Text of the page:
SURVEY-ing past, present and future
Hidden away at the northernmost tip of the city, the Edinburgh Sculpture Workshop has never been the most visible of institutions, despite its workshops and much sought-after studio spaces serving as the creative headquarters for some of Scotland's best creative talent. If its location has served to obfuscate it to some extent, then surely its name provides yet another layer of concealment, for most of the work on display here is not sculpture. As has been evident in art schools for an age, trying to confine individual practice within the realm of a single discipline is ultimately counter-productive, and the fantastic breadth of work in SURVEY exemplifies this philosophy.
Choosing to celebrate its 20th anniversary by focusing on the new era ahead for the ESW, curator Colin Greenslade has put together a show which possesses a vital, aggressive thrust and is characterised by a real inquisitiveness and a bold, questioning approach. The visceral, confrontational work of Jessica Harrison is emblematic of this, and Greenslade has chosen well in opening the show with her work. Her reinvention of Gentileschi's Judith Beheading Holofernes replaces the victim's head with a single, gawping, giant eyeball that seems to leaven the memory of Bunuel's similarly violent gesture with an endearingly comic helplessness. Although fear is the subject of her work, Harrison realises that we can most easily approach its depths using humour as our vehicle, and in a sculpture entitled Peep Show featuring a lascivious mound of eyeballs jostling to catch a magnified glimpse of their own greedy physiognomy she succeeds with wit and economy.
Where Harrison deals with the mechanisms of perception, sensation and revulsion, Lara Green has deconstructed the very process of breathing with a work entitled Cage. Animated with the help of a motor, a few cogs and some bicycle brake cables, this impressive kinetic sculpture transmutes the automatic ease of human breathing into a laboured, mechanical process that climaxes in the model's prosthetic jaw arching into an unnatural robotic rictus. While it would be easy to read the work as a comment on the folly of our lust for technologically-aided immortality, the curious elegance of the work takes it beyond mere satire and creates an altogether more engaging dialogue with the viewer.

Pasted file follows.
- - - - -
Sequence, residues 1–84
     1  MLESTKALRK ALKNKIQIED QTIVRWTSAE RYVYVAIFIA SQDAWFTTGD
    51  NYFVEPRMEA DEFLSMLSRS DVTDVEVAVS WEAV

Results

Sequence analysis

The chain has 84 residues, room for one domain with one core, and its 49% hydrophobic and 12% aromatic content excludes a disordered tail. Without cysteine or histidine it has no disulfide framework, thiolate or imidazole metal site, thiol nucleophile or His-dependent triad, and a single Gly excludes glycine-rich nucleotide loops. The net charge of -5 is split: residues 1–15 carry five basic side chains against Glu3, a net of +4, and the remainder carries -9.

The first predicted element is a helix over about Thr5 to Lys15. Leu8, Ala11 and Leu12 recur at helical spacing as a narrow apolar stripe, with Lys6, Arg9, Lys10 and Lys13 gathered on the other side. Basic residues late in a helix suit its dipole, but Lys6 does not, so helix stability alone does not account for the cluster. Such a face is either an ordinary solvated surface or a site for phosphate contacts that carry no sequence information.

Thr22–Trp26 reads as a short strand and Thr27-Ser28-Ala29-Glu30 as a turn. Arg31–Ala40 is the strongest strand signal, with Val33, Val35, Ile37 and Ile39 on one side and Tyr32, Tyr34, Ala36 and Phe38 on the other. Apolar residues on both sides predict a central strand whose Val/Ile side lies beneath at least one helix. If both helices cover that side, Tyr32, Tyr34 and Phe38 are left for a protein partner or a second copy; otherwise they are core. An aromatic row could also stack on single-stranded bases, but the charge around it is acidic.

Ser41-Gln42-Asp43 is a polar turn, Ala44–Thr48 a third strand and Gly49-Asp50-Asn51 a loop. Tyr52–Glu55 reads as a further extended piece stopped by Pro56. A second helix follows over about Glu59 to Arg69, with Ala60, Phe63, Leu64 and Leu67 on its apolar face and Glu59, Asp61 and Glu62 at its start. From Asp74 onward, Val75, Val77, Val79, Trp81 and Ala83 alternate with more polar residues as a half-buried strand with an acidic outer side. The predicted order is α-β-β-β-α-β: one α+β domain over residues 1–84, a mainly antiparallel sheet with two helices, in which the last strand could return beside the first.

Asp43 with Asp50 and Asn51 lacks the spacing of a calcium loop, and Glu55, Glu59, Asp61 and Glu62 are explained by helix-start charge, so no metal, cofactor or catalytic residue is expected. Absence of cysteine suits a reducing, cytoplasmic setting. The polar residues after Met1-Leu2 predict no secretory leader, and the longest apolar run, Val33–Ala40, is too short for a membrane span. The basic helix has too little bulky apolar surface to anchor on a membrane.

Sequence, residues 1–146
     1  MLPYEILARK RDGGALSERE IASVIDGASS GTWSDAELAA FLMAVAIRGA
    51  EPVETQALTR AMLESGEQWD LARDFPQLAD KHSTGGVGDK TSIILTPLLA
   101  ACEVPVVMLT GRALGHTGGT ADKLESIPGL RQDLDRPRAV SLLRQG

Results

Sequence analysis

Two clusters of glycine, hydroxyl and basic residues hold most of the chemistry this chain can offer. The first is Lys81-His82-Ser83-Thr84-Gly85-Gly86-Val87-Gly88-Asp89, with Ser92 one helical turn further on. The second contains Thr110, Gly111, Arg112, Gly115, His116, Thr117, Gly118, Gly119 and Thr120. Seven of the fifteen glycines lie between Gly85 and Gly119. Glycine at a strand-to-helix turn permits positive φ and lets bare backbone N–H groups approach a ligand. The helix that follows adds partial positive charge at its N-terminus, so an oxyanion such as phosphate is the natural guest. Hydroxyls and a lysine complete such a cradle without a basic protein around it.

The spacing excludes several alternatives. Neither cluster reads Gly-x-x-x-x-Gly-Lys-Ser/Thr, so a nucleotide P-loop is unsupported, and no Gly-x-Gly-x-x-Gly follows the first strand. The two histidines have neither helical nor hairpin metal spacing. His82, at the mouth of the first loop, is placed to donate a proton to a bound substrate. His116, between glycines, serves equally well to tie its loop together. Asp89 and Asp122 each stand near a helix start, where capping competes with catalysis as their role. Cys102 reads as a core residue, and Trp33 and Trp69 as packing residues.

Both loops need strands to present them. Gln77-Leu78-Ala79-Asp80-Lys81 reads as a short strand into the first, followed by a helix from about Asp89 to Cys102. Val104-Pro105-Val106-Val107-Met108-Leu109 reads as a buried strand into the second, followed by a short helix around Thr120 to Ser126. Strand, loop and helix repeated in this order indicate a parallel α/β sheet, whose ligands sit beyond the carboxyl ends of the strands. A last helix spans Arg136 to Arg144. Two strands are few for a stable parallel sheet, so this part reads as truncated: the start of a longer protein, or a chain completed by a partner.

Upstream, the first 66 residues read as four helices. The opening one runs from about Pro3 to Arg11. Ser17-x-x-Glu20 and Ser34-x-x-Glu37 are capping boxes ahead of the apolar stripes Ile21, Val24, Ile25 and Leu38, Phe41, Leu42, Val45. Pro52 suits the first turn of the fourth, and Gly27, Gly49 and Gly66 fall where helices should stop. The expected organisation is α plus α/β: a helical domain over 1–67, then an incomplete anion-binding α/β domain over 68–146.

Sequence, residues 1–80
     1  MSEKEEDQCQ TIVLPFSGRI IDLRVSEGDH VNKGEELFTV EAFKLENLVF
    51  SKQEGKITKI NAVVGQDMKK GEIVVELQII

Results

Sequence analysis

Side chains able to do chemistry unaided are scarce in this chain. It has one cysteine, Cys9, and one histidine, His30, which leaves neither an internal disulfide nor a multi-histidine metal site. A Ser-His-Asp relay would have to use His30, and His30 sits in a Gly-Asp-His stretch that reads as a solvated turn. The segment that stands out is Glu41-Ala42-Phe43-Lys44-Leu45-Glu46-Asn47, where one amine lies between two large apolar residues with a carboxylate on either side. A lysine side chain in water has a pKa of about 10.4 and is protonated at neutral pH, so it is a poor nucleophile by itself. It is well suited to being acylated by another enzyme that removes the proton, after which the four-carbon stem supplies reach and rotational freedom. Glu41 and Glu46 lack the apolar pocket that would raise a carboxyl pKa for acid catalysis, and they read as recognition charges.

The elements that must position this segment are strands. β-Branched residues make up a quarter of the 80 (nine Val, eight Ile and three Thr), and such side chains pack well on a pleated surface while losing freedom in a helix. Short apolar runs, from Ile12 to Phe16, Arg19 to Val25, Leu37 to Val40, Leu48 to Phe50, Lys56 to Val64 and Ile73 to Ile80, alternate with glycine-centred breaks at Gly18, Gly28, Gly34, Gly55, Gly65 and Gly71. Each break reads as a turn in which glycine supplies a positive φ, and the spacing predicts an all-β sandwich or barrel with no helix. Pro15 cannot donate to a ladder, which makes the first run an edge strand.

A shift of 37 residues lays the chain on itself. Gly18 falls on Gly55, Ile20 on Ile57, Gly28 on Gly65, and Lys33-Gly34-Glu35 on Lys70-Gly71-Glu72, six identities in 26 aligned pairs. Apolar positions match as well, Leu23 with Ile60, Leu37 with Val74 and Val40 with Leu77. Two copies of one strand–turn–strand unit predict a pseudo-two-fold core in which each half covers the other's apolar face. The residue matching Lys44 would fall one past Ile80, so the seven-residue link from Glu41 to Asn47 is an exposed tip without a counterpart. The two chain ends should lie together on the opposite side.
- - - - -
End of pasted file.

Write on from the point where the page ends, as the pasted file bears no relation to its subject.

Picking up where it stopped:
Created during his time in residence at Belfast Print Studio, Scott Laverie's series of photo intaglio prints serve as a glimpse into the creative landscape from which his fantastically outlandish sculptural works originate. These images, showing figures engaged in bizarre practical activities, are densely atmospheric and mysterious, possessing an almost fairytale-like sense of wonder. His accompanying video work showing a series of wooden beams efficiently organising themselves into various formations is similarly compelling. Like many of the artists in SURVEY, we are left wanting to see more of the worlds that Laverie creates: a clear indicator that the exhibition has succeeded in what it sets out to achieve.
Of the rest of this generous show, special mention must go to Ettie Spencer's sensitive investigation of depopulation in the Outer Hebrides, in which the artist has employed sculptural intervention as a catalyst for social reflection. As a taste of what to expect from the next 20 years of the Edinburgh Sculpture Workshop, such work is encouraging to say the least. And with over 65% of the funding raised for a brand new sculpture facility, prospective workshop users can look forward to expanded education and outreach programmes, new IT facilities and twice the number of studios. For an organisation with such a rich past, the Edinburgh Sculpture Workshop must be applauded for keeping both eyes firmly on the future.